A photograph of a street sign in Greece written using the Greek alphabet.

Source: Its all greek to me, dave patten, Flickr

In the romantic comedy My Big Fat Greek Wedding, the father Gus Portokalos claims that every ailment can be cured by Windex, and every word can be understood by knowing Greek. He brags, “Give me a word, any word, and I will show you that the root is Greek.” Knowing Greek roots helps you understand many words like thermometer, claustrophobia, and chronological, as you will discover in this lesson, but it doesn’t give you the key to every word in the English language. Watch this video that shows Mr. Portokalos trying to explain how the word kimono is derived from Greek.

Source: My Big fat greek wedding - Give me any word, and I show you how the root is greek..., rulfoq, YouTube

When Mr. Portokalos meets the Millers, he tries to convince them that their name also comes from a Greek word, instead of a Middle English word for one who grinds grain into flour, as they had always thought. Here’s what Mr. Portokalos says:

You know, the root of the word Miller is a Greek word. Miller comes from the Greek word “milo,” which is mean “apple,” so there you go. As many of you know, our name, Portokalos, is come from the Greek word “portokali,” which mean “orange.” So, okay? Here tonight, we have, ah, apple and orange. We all different, but in the end, we all fruit.

Despite Mr. Portokalos’ imaginative attempts to trace every word back to its Greek origin, learning Greek word parts is not a foolproof approach to learning new words, but he does make a good point. Greek and Latin roots form word families. If you know one word in the family, you can infer the meaning of many more words. Circum- is a word part that means “around.” The circumference is the distance around a geometric shape. Ferdinand Magellan was the first explorer to circumnavigate the globe. So if Mr. Portokalos circumlocutes, you can infer that he must be talking “around” a word.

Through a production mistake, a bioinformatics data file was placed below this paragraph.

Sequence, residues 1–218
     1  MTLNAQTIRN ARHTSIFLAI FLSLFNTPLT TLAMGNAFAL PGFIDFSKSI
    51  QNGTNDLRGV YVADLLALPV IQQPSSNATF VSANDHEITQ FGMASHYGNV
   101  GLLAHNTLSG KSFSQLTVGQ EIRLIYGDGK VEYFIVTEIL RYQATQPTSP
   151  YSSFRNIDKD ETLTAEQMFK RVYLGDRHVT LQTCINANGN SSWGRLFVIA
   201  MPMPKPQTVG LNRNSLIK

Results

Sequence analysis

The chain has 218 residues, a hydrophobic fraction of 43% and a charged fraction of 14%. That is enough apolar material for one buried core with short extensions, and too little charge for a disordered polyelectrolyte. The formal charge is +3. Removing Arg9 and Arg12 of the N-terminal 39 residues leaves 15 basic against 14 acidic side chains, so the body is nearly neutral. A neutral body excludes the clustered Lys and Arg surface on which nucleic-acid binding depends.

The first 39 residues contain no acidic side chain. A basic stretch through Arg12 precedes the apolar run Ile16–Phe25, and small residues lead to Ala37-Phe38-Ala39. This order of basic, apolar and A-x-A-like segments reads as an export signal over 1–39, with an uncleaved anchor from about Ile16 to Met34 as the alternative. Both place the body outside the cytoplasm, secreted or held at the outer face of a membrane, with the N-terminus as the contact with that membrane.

A photograph of Latin writing carved into a plaque.

Source: Latín en las paredes, mmarftrejo, Flickr

Knowing Greek and Latin word parts can be an effective shortcut to learning a lot of words. By learning one word part, you can potentially learn multiple words and increase your vocabulary. Over half of all the multisyllabic words you’ll encounter in the upper grades contain a Greek or Latin word part, so learning those word parts will be well worth the time you invest.

You will learn about three kinds of word parts. A root is the stem or base of a word. An affix is a part of the word that can be attached to the beginning or ending to give a word more meaning. In this lesson, you will learn about two kinds of affixes—prefix and suffix. Prefixes are affixed, or attached, before a root or base word, and suffixes are affixed to the end of a word. You’ll learn how all three word parts are keys to unlocking the meanings of unfamiliar words. At the end of the lesson, you’ll read an essay and apply what you’ve learned about roots and affixes to determine the meanings of some of the words.